Dec. 4, 2023

How to Win the Game of Politics | Thomas Sowell

Published May 12, 2023, 4:08 p.m. by Naomi Charles

politics is a game. It's not a game of chance, like roulette, but a game of strategy, like chess. And, like chess, the object is to checkmate the opponent's king.

In politics, the king is the voting public. The object of the game is to get a majority of the votes. That's how you win elections.

But votes are not always easy to get. Sometimes they have to be coaxed, cajoled, or even bribed out of people. That is why there are professional politicians. That is their job.

And, just as in chess, there are different strategies for winning the game of politics. Some are more direct, while others are more indirect.

Some try to win by persuasion, by appealing to the voters' better angels. They try to convince the voters that their policies are in the voters' best interests.

Others try to win by force, by using the power of the government to coerce the voters into doing what they want. This is the strategy of the left, which believes that the ends justify the means.

Still others try to win by manipulation, by playing on the voters' fears and prejudices. This is the strategy of the right, which relies on wedge issues to divide the electorate.

The best strategy, of course, is a combination of all three. But, in the final analysis, it is the votes that count. And that is why, in the end, the game of politics is a numbers game.

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Whoever called politics “the art of the possible”  must have had a strange idea of what is possible  

or a strange idea of politics, where the  impossible is one of the biggest vote-getters. 

People can get the possible on their own.  Politicians have to be able to offer the  

voters something that they cannot get on their  own. The impossible fills that bill perfectly. 

As a noted economist has pointed out, nothing  

“could prevent the California electorate from  simultaneously demanding low electricity prices  

and no new generating plants while using  ever increasing amounts of electricity.” 

You want the impossible? You got it. Politicians  don’t get elected by saying “No” to voters. 

Of course Californians also got electricity  blackouts and, in order to deal with the  

blackouts, a multi-billion dollar surplus  in the state’s treasury was turned into  

a multi-billion dollar deficit, followed by  cutbacks in various other government programs,  

followed by calls for higher taxes. You want the government to create  

more jobs for people when there is widespread  unemployment? It’s been done. During the Great  

Depression of the 1930s, the government employed  more young men in the Civilian Conservation Corps  

than there were in the Army. The money to pay  for all this had to come from somewhere—and  

that meant that there was less money left to  employ other people in the private sector.  

While jobs created by the government  may not have reduced total unemployment,  

these jobs increased votes for the administration,  which is the real bottom line in politics. 

Are you for “open space” laws forbidding building  

and also for “affordable housing”? Don’t  be discouraged by the fact that severe  

building restrictions have sent housing prices  sky-rocketing in community after community. 

It may be impossible to have “open space” laws  and “affordable housing” at the same time,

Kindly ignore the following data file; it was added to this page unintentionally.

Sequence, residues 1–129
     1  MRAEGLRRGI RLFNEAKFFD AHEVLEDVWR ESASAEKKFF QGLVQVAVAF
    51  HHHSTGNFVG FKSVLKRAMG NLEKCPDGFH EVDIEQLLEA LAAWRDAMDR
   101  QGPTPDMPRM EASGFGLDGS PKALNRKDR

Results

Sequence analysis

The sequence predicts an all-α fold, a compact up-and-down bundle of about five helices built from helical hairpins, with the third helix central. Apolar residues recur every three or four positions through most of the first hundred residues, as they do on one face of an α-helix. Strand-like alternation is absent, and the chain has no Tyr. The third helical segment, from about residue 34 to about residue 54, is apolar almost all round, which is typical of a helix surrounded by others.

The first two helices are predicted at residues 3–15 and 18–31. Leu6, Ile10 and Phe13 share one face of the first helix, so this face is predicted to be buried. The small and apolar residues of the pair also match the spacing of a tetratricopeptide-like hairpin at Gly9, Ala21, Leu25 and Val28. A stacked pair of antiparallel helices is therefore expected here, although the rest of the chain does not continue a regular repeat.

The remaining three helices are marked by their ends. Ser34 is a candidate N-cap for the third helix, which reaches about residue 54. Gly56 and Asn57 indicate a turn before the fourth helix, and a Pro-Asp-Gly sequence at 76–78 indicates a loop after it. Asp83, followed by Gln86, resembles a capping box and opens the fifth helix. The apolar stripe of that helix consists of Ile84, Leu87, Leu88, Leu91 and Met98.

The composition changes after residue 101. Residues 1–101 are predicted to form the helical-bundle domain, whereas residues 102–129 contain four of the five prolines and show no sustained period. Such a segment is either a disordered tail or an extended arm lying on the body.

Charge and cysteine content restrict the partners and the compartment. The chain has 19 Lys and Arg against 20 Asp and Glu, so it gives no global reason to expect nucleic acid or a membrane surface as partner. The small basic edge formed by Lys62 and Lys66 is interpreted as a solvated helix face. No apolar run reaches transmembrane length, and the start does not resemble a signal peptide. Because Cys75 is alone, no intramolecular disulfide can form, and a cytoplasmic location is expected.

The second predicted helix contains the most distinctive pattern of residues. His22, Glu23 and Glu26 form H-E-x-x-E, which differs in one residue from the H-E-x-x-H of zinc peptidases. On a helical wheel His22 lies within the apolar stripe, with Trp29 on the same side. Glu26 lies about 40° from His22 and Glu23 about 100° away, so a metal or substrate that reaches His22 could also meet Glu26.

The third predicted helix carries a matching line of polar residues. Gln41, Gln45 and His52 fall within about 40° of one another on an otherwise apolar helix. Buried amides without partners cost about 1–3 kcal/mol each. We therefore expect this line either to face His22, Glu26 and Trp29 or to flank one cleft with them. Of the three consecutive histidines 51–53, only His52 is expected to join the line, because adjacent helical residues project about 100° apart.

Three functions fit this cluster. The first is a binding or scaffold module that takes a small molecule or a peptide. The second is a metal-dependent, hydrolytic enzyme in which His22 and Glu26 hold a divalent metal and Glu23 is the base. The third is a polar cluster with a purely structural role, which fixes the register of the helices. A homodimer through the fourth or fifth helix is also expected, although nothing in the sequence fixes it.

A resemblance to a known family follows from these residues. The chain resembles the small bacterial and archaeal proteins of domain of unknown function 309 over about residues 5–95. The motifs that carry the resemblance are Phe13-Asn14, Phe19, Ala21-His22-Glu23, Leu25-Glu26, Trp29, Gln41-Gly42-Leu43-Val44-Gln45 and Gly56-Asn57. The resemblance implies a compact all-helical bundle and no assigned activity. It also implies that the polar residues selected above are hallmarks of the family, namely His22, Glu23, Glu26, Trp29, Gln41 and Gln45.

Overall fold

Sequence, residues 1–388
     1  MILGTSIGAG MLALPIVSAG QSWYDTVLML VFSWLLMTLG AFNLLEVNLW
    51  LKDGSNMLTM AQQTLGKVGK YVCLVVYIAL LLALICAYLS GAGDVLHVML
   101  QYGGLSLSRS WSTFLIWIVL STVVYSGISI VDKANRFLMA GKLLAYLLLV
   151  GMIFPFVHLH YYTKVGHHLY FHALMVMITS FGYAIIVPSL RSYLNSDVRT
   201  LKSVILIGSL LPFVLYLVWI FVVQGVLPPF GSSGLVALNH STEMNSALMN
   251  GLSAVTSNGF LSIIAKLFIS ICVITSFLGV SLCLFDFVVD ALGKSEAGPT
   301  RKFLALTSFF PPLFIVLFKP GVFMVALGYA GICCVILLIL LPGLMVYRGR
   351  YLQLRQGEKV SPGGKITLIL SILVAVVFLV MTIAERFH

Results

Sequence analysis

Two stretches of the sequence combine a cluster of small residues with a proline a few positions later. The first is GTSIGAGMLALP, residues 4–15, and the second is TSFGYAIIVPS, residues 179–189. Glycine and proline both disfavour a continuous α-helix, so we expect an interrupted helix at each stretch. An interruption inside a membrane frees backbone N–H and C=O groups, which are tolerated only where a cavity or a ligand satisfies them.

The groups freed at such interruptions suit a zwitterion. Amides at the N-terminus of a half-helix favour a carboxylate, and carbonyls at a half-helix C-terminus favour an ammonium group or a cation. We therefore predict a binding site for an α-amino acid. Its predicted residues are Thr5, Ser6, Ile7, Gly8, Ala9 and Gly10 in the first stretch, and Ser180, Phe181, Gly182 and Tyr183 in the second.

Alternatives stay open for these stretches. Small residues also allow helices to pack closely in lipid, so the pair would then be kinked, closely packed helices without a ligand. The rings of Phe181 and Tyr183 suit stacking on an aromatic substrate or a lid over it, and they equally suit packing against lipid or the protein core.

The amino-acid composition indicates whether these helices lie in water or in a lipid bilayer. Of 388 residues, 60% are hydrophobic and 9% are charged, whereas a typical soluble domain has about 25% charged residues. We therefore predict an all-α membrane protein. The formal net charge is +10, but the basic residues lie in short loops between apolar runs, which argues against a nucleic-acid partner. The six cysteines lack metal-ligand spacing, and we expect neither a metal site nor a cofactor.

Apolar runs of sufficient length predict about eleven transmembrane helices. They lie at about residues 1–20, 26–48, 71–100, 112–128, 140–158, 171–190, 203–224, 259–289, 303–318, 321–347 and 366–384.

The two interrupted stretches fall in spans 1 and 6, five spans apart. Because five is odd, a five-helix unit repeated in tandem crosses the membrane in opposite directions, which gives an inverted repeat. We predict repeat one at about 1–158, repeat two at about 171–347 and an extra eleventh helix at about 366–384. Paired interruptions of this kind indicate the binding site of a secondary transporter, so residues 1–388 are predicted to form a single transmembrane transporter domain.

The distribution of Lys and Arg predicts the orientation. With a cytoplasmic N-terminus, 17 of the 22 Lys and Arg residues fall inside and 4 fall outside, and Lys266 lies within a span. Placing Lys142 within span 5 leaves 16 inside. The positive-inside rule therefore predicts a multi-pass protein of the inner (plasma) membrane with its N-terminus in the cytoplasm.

but what are politicians there for, except  to figure out ways to give us the impossible? 

Palo Alto, California, where housing  prices nearly quadrupled in one decade  

after severe building restrictions were  imposed, also pioneered in laws mandating  

that each builder agree to sell a certain  percentage of any new housing “below market.” 

In other words, they combined “open space”  laws with “affordable housing.” Who says  

the impossible cannot be achieved? Of course this system can work only  

where just a fraction of the new  housing is sold “below market.”  

Moreover, the market price of housing was raised  so far above what it was by building restrictions  

that even “below market” prices for condominiums  in Palo Alto can run to $300,000 or $400,000. 

This is hardly “affordable housing” for people  on modest incomes. Only 7 percent of Palo Alto’s  

police, for example, live in Palo Alto—probably  older cops who bought their homes long ago. 

But none of that matters politically. What  matters is that people in Palo Alto can feel  

good about themselves, by being for both  “open space” and “affordable housing.”  

Happy voters are what get politicians re-elected. 

The big political crusade today is for  “affordable” medical care through the government.  

No one believes that government is just  going to be more efficient, and thereby  

have lower costs that will be reflected in lower  prices for medications and medical treatment. 

It might seem as if adding the costs of  government bureaucracies to the costs of  

medications and medical treatment would make  it impossible for the total costs to go down.  

But again, the impossible  is no problem in politics. 

Many countries around the world already  have government-run medical care.  

People who get sick in these countries usually  wait much longer to get treatment, including  

months on waiting lists for surgery, often paying  in pain or debilitation, rather than in money. 

High-tech medical devices like MRIs are also  far less common in these countries than in  

the United States. With medical care as  with anything else, you can always get  

poorer quality at a lower price, though that  is no bargain, especially when you are sick. 

What you may have in mind are lower  prices with no reduction in quality.  

While that may be impossible, don’t expect  that fact to stop politicians from offering it,  

even if they can’t deliver.


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